“The information that he provided on that form is just a start. It is incomplete,” said Kathleen Clark, an expert on government ethics at Washington University in St. Louis. “I have no reason to believe that he violated the law of disclosure, but in order … for the Commerce Department to understand, you’d have to have more information than what is listed on that form.”
Ross, through a Commerce Department spokesperson, issued a statement saying that he recuses himself as secretary from any matters regarding transoceanic shipping, and said he works closely with ethics officials in the department “to ensure the highest ethical standards.”
The statement said Ross “has been generally supportive of the Administration’s sanctions of Russian” business entities. But the statement did not address the question of whether he informed Congress or the Commerce Department that he was retaining an interest in companies that have close Russian ties.
In his submission letter to the government, Ross pledged to cut ties with more than 80 financial entities in which he has interests.
Ross’s apparent ethical probity won praise, even before he signed the divestment agreement, from both sides of the political aisle.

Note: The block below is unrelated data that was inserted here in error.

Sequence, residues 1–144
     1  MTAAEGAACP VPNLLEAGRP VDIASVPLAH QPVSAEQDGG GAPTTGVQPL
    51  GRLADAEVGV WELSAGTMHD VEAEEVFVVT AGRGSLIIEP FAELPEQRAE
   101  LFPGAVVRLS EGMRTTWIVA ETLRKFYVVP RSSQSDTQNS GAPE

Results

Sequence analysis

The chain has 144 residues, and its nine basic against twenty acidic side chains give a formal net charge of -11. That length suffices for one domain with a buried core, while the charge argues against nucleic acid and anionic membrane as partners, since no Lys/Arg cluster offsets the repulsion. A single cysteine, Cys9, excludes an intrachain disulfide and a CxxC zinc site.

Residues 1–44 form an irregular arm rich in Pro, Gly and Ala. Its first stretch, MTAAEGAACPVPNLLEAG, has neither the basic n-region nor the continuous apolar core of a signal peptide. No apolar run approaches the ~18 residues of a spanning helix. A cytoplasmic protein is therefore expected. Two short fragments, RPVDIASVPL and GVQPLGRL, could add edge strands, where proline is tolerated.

‘Our Committee Was Misled’
The documents seen by NBC News, however, along with a careful examination of filings with the Securities and Exchange Commission, tell a different story than the one Ross told at his confirmation. Ross divested most of his holdings, but did not reveal to the government the full details of the holdings he kept.
In his letter to the ethics official of the Commerce Department, Ross created two lists: those entities and interests he planned to get rid of and those he intended to keep. The second list consisted of nine entities, four of which were Cayman Islands companies represented and managed by the Appleby law firm, which specializes in creating complex offshore holdings for wealthy clients and businesses. The Wilbur Ross Group is one of the firm’s biggest clients, according to the leaked documents, connected to more than 60 offshore holdings.
The four holdings on the list of assets that Ross held onto were valued by him on the form as between $2.05 million and $10.1 million. These four, in turn, are linked through ownership chains to two other entities, WLR Recovery Fund IV DSS AIV L.P. and WLR Recovery Fund V DSS AIV L.P., which were listed in Ross’ financial disclosure prior to confirmation, but were not among the assets he declared he would retain. According to an SEC filing, those entities hold 17.5 million shares in Navigator, which constitutes control of nearly one-third of the shipping firm.
“You look at all of these names,” Clark said, referring to the financial entities, “and they actually look like a code. And what we actually have to do is find — in a sense — a code that decrypts what these names mean and what these companies actually do.”